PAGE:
Bank of America is making a run at building a business in the heart of Wells Fargo and U.S. Bank country.Most people don't know it, but B of A was here before. I worked for B of A as a business program analyst for about three years. I lost my job when they closed their facility in Bloomington in 2006. The stated reason for leaving Minnesota was that the loan center was "out of footprint," meaning that the company didn't have any regular banking presence in the state, so it wanted to consolidate its operations in markets where the bank had a presence. As many long-time readers of this feature know, I had a chance to keep my job if I were willing to move to Portland, Oregon with B of A, but ultimately decided against it, because my kids were young and I didn't want to disrupt their lives with a cross-country move. Chuckwagon Boy, who comments here from time to time, was a colleague of mine in Bloomington who ended up making the move. This blog began during my lunch hour when I worked for B of A.
The nation’s second-largest bank just opened a new branch in the IDS Center in downtown Minneapolis, is beefing up its Minnesota business lending presence and will add a dozen ATMs and three new branches in the metro area.
“In some ways, we’re growing before it’s happened because we think it’s that important of a market,” said Larry Kloth, the bank’s market president for Minneapolis and St. Paul.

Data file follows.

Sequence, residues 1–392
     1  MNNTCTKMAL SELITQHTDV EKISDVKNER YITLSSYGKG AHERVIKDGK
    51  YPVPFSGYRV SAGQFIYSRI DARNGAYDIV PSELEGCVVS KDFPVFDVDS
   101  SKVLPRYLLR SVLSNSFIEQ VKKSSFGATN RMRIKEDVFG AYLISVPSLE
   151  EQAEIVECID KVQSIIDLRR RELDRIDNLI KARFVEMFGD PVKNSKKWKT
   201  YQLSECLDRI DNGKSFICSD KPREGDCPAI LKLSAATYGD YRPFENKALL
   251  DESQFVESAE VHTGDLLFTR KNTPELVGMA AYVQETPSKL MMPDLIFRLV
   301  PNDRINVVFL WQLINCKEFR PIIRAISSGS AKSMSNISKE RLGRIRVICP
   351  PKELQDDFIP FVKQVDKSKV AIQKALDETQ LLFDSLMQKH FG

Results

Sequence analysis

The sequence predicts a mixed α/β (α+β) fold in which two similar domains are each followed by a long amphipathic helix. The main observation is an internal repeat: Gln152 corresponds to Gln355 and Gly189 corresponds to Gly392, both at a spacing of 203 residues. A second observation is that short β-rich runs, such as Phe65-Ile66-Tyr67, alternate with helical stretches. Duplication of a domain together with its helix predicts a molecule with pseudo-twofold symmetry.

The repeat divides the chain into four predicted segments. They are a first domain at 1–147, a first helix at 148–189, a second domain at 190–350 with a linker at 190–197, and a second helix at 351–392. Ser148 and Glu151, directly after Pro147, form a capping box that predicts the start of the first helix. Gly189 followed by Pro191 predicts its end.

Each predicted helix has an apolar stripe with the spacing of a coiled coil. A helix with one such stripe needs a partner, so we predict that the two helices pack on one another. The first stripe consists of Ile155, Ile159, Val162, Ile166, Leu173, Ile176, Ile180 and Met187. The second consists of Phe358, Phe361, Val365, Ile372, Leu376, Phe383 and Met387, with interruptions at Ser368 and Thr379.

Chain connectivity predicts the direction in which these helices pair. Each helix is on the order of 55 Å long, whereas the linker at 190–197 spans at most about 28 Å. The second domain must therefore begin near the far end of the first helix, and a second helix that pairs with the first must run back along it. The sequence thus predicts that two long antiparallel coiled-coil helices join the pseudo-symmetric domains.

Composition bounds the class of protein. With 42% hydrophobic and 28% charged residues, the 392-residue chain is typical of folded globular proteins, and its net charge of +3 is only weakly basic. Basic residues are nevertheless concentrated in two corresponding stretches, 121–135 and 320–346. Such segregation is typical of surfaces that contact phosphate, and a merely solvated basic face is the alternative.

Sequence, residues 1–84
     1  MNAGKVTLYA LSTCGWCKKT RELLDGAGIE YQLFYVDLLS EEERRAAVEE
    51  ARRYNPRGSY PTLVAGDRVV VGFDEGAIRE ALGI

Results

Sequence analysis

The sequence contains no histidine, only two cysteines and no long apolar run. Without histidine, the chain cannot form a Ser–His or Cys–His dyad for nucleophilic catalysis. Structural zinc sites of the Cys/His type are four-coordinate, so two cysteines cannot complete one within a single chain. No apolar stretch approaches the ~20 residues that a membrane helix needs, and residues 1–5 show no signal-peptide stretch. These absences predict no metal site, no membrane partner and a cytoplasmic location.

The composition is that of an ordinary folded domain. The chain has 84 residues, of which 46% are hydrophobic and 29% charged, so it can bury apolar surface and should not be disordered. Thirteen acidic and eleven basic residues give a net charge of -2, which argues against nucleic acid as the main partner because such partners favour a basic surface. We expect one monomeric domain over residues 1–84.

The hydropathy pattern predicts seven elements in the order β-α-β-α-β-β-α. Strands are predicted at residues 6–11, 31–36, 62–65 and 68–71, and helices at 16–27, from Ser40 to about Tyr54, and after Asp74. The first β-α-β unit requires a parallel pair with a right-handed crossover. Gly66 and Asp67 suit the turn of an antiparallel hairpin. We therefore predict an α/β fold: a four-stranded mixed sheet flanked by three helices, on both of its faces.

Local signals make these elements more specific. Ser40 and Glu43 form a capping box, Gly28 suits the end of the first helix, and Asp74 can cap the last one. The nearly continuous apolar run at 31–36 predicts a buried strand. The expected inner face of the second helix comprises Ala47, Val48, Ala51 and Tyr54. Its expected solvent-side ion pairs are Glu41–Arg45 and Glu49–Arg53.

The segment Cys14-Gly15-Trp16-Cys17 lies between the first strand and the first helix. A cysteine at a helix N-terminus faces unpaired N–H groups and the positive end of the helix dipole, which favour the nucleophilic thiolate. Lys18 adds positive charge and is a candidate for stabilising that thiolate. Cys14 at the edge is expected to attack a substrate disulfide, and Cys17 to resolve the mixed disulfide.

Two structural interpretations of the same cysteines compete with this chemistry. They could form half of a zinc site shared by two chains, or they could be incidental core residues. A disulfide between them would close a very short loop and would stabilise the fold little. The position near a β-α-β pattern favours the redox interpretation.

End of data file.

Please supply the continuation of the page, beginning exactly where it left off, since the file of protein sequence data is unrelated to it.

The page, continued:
It was an odd business decision for B of A to close their facility here, since it was the most successful mortgage loan processing facility in the company. Although my current gig is a better use of my talents, I had more fun working for B of A than anywhere else I've been in my career. It was a go-go time in the banking industry and we were doing great business in our channel, corporate relocation, We had a great team and the work was fast-paced and challenging. The larger problems in the financial industry were coming, but in 2005 things were great. And I can say this -- we weren't cheating, like some of our competitors. We weren't doing stated income loans and we weren't doing subprime work. We looked at it more than once, but it wasn't our thing.
B of A took a lot of shots to its reputation in the financial crisis that came about later on, but I've always thought many of the criticisms were unfair. They made one very bad decision, which was acquiring Countrywide, whose portfolio was riddled with bad loans of the sort we avoided in Bloomington, but the shotgun wedding fiasco with Merrill Lynch was something that B of A was essentially forced to do.
I can't say that Bank of America is a perfect business, by any means. They've made plenty of mistakes and their management has been short sighted on many occasions. Large corporations are generally mercenary in their instincts and I'm certain that the guy in Charlotte who made the decision to close our facility ten years ago didn't give the human impact of his decision much thought. I also don't know whether B of A will do well in this market, considering the dominating presence that both Wells Fargo and US Bank have. Still, I have fond memories of my tenure with Bank of America. I'm glad they've finally returned.